With GST (Goods and Services Tax) revenue collections making a rebound post the disruptions caused by the second wave of COVID-19 pandemic, the Centre is likely to initiate dialogue with states for inclusion of petroleum products under the new indirect tax fold. Based on the petroleum ministry’s suggestion, the Centre may take up with GST Council the issue of bringing natural gas under the GST regime to begin with before the entire oil and gas sector is brought under it. With revenue position remaining strained due to COVID-19 outbreak, states have been reluctant to consider bringing high revenue generating petroleum products under GST fold. GST levy on natural gas would help state-run oil companies such as ONGC, IOCL, BPCL and HPCL to save tax burden to the tune of INR250 bn as they would get credit on taxes paid for inputs and services. Tax credits are not transferable between the two different taxation systems.
US (United States) gas traders are anticipating a big increase in production over the next year as the industry responds to higher prices by ramping up drilling, which should ensure supplies are more plentiful in time for winter 2022/23. As a result, futures prices for deliveries at Louisiana’s Henry Hub in January 2023 are currently trading around US$1.15/mmBtu below prices for deliveries in January 2022. During the first phase of the epidemic, monthly US dry gas production slumped to just 75 billion cubic metres (bcm) in June 2020, down from a record 85 bcm in December 2019. According to field services company Baker Hughes, the number of rigs targeting primarily gas-bearing formations slumped to less than 70, from more than 130, over a similar period. Since then, however, there has been a slow but steady increase in both drilling and production in response to the recovery in gas prices. Front-month futures prices have climbed to more than US$5.00/mmBtu, the highest level for more than seven years, up from a low of less than US$1.50 in June 2020. By June this year, production had already recovered to 79 bcm, while the active rig count had increased to just over 100 by early September. In the next few months, higher prices will draw even more rigs back into the gas market, leading to an increase in production from the second quarter and especially the third quarter of 2022. Higher production will also support an increase in exports next year to Europe and Asia, where the shortfall is even more severe, contributing to an improvement in gas supplies globally.
The International Energy Agency (IEA) urged Russia to step up gas deliveries to Europe in anticipation of higher winter demand, as tight global supply pushes prices skywards. According to the IEA, higher demand, including from extremes of hot and cold weather this year, and squeezes on supply due to "a series of unplanned outages and delays across the globe and delayed maintenance from 2020" have boosted gas prices. But Moscow has made clear that it is waiting for its divisive Nord Stream 2 pipeline to Germany to come online before delivering more gas. The pipeline was completed this month in the face of objections from Germany's eastern EU (European Union) and NATO allies like Poland, the Baltic states and the US, which say it gives Moscow too much control over Europe's energy supply.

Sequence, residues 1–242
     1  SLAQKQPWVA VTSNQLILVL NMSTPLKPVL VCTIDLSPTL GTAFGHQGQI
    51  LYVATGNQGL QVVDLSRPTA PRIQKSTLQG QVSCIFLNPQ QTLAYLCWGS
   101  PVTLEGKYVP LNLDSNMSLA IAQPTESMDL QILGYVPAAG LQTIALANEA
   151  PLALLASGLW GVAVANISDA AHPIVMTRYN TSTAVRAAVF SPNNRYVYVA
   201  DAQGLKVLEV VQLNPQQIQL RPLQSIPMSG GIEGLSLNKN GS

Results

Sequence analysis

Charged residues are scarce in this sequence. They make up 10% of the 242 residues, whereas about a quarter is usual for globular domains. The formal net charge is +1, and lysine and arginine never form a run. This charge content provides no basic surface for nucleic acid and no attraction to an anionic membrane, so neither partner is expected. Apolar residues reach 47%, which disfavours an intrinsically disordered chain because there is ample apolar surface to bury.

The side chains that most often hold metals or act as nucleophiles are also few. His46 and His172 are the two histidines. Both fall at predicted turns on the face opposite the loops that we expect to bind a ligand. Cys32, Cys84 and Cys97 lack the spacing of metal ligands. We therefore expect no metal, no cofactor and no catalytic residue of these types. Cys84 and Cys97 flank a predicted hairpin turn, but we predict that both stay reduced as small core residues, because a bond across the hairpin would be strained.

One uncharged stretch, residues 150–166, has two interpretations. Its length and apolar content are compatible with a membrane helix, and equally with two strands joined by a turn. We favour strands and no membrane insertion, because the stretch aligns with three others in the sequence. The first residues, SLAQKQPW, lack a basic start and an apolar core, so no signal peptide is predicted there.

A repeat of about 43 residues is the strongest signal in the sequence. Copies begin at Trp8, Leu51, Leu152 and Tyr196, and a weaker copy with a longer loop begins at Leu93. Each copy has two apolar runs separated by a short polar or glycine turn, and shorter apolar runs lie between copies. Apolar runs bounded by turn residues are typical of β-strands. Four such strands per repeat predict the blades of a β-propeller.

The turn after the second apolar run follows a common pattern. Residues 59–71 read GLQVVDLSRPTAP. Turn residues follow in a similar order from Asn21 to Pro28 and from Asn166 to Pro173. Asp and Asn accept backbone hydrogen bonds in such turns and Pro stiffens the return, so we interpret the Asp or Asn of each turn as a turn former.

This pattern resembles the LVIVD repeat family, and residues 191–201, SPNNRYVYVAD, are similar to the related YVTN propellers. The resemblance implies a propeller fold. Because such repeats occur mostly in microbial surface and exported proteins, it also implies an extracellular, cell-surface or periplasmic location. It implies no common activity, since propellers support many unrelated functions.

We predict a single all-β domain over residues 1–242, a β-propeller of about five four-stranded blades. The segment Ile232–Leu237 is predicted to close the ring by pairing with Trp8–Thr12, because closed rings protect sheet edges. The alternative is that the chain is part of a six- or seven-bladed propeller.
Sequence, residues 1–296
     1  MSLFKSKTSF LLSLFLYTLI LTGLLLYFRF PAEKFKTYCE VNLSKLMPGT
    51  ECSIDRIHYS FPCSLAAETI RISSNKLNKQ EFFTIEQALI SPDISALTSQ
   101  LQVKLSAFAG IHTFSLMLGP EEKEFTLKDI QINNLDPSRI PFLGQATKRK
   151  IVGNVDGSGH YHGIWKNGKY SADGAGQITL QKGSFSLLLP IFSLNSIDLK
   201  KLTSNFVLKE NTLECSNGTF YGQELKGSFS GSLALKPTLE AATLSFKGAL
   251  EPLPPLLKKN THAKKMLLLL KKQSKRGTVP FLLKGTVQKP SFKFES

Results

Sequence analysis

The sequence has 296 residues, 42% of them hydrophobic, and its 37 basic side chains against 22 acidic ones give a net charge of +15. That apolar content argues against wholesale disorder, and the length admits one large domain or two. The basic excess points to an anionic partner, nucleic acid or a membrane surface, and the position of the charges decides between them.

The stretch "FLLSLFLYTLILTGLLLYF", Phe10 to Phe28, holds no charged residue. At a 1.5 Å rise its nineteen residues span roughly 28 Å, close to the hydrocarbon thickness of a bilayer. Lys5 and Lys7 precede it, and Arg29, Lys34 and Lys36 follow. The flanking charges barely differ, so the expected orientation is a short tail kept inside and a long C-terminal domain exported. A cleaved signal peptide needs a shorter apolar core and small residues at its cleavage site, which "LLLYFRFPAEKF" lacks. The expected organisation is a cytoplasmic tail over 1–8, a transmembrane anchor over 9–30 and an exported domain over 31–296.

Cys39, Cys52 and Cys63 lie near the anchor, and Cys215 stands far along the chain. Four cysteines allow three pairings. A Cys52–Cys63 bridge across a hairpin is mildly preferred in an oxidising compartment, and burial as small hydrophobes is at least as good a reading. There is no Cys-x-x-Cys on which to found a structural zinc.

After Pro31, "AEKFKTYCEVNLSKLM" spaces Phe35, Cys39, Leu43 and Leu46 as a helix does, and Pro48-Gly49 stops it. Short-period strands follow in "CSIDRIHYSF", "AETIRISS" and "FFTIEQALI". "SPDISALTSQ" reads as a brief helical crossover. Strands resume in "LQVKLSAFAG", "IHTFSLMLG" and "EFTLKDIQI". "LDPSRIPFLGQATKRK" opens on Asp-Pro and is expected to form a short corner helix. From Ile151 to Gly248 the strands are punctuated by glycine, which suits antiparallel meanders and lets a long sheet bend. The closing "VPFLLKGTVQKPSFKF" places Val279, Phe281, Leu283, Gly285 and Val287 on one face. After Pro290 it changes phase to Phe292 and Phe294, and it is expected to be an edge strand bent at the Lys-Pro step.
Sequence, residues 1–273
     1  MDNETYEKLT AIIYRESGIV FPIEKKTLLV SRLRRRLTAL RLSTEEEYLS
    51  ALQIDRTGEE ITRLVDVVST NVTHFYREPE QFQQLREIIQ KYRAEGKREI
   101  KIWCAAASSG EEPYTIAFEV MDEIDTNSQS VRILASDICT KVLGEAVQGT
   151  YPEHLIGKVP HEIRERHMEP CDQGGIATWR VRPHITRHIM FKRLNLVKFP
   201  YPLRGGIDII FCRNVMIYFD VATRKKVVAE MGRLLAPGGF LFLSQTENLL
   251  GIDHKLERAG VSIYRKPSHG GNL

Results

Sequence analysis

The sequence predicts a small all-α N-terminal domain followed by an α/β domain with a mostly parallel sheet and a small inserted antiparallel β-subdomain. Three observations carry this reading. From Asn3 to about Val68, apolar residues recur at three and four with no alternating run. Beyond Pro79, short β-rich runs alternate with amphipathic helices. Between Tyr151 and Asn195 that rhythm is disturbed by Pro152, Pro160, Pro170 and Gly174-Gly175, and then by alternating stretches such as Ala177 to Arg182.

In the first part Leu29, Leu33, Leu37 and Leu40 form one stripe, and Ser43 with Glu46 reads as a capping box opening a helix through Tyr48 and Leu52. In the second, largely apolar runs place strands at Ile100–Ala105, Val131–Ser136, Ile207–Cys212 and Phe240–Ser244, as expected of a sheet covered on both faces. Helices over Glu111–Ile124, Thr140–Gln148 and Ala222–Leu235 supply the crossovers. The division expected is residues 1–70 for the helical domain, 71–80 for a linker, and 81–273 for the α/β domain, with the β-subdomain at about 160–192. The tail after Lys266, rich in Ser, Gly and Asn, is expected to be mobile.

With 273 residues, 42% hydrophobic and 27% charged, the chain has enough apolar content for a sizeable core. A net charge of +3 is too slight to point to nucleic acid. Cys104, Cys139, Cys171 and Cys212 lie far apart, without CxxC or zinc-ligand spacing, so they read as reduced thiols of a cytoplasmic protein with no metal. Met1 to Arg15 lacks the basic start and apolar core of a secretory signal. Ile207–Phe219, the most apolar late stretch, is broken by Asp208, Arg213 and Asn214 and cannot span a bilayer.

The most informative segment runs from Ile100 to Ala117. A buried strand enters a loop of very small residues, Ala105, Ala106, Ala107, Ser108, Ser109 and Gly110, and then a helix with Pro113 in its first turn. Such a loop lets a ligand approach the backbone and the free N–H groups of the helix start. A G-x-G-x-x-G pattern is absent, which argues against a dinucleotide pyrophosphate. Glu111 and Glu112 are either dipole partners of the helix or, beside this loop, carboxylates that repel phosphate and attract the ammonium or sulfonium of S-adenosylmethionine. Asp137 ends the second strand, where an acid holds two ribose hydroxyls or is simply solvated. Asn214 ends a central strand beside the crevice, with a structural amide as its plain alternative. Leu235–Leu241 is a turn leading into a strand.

Russia’s energy ministry is due to prepare a report in the coming days about the possibility of Rosneft exporting natural gas to Europe via the new Nord Stream 2 pipeline. Currently, Kremlin-controlled Gazprom has exclusive rights for Russian pipeline gas exports. Rosneft had asked the government for permission to export natural gas and the government was reviewing the request. Oil-focused Rosneft and its shareholder, BP, have long sought to export natural gas to Europe as exports are more lucrative than domestic sales. Russia announced that it had completed construction of the US$11 bn Nord Stream 2 to Germany, doubling its gas exporting capacity via the Baltic Sea. Germany’s energy regulator said it had four months to complete operating certification for the new pipeline.
Linde and Renaissance Heavy Industries have signed an engineering, procurement and construction (EPC) contract with Russia’s Gazprom and its partners for a LNG plant on the Baltic Sea. Gazprom started construction of a massive gas processing complex on the shores of the Baltic Sea jointly with its partner RusGazDobycha in May. The cluster is designed to process annually 45 bcm of natural gas, produce 13 million tonnes (mt) of LNG, 3.6 mt of ethane and up to 1.8 mt of liquefied petroleum gas (LPG). It is poised to become Russia’s largest gas processing plant and one of the world's largest in terms of production volumes. Linde and Renaissance Heavy Industries would provide the LNG plant design, supplies of equipment as well as construction.
China’s Sinopec Corp has completed its first LNG bunkering operation in Weihai, a major seaport in the eastern Shandong province. The bunkering, or marine refuelling, operation transferred 250 tonnes of LNG by truck to a China Merchant Shipping vessel. The use of LNG as a marine fuel has been gaining traction amid a global push to reduce the shipping industry’s carbon emissions.